Jun. 3, 2013 at 10:40am
Oct. 1, 2012 at 2:34pm
Here is an idea I have had for quite a while. I don't even know if it's feesible on the scale at which I speak - but it will be someday. It's a little idea packed in potential for not only Tacoma but for our friends at Milgard. It's no glare glass.
Okay, it sounds like an idea that isn't an idea at all... but hear me out.
I have a new Mac computer with a new screen that doesn't glare. It's pretty cool. I can't see myself typing away in the reflection of the screen and it doesn't hurt my eyes. But, what if this werre transferred to the windows on stores around town?
What if you could drive through town and see right into the windows right in the middle of the day without reflection? What if it were easy to see right into shops as you drive and walk by regardless of your distance, angle, or lumens outside? Would you be more likely to stop at a store where you see something interesting - because you may not have seen it otherwise? You would see more interesting things - besides seeing your reflected self in your car playing the air drums.
It would be like nightfall. Have you ever driven around at night? The sun is gone so most of the glare goes with it. The light within is seen better and you not only can see the store's insides, but you can see the people there too. You'll notice more stores then because you can see inside. It seems as though there's more action around because... you can see the people behind the glare.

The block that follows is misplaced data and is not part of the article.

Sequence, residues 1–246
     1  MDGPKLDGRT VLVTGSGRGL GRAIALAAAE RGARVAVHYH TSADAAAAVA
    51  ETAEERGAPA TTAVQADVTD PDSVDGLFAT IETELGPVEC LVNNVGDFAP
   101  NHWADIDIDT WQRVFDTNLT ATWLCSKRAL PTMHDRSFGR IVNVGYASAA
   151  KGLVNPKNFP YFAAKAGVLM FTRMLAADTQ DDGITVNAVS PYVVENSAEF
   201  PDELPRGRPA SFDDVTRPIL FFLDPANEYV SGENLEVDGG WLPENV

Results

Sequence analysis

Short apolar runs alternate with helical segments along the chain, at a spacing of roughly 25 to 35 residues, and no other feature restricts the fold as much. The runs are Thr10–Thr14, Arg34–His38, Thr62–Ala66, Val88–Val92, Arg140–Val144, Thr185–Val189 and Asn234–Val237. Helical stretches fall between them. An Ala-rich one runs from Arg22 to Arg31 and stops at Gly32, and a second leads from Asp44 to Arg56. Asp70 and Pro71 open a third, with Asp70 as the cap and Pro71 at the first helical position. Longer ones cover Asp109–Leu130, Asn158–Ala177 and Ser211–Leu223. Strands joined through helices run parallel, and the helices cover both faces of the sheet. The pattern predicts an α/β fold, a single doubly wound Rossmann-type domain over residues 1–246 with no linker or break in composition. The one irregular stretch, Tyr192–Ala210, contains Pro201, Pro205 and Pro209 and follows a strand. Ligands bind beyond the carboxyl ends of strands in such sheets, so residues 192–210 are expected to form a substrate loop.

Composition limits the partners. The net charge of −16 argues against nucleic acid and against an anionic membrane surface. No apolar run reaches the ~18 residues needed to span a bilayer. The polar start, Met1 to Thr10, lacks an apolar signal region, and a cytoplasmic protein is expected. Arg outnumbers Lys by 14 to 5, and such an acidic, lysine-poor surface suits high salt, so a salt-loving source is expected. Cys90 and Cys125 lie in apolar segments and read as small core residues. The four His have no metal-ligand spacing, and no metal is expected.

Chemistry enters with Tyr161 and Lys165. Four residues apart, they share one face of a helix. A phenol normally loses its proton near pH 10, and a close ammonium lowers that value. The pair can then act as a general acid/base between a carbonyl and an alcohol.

So, I'd propose a small change to the city code or zoning bonus - if these windows are available or become available. That would be to find a way to encourage thier use on the first floor of all buildings in business districts. Maybe an ammendment to the zoning code for encouraging use on street level floors of mixed use buildings. Every business advantage should be explored.
So the next time you're driving down Pacific Avenue in downtown Tacoma, look to your left and your right. Try and see into the businesses that are there and figure out what the businesses are - as if you were an out-of-towner. Then imagine driving by at night with all that glare gone. You'll notice a lot more life, businesses, and people. It's the difference between "There's a cupcake shop on this street" and "Look! That looks like an awesome cupcake shop! I never noticed it before. Let's stop in!"
Thanks for hearing my idea... with a possible big impact. What do you think? Would this make a difference?
Sep. 25, 2012 at 12:01am
The other day I promised myself that I would get some of my ideas about imagineering Tacoma out there for you all to read. I made a list of 26 different ideas to start the process so I could get my thoughts in order and have something to talk about each week - at least for a little while.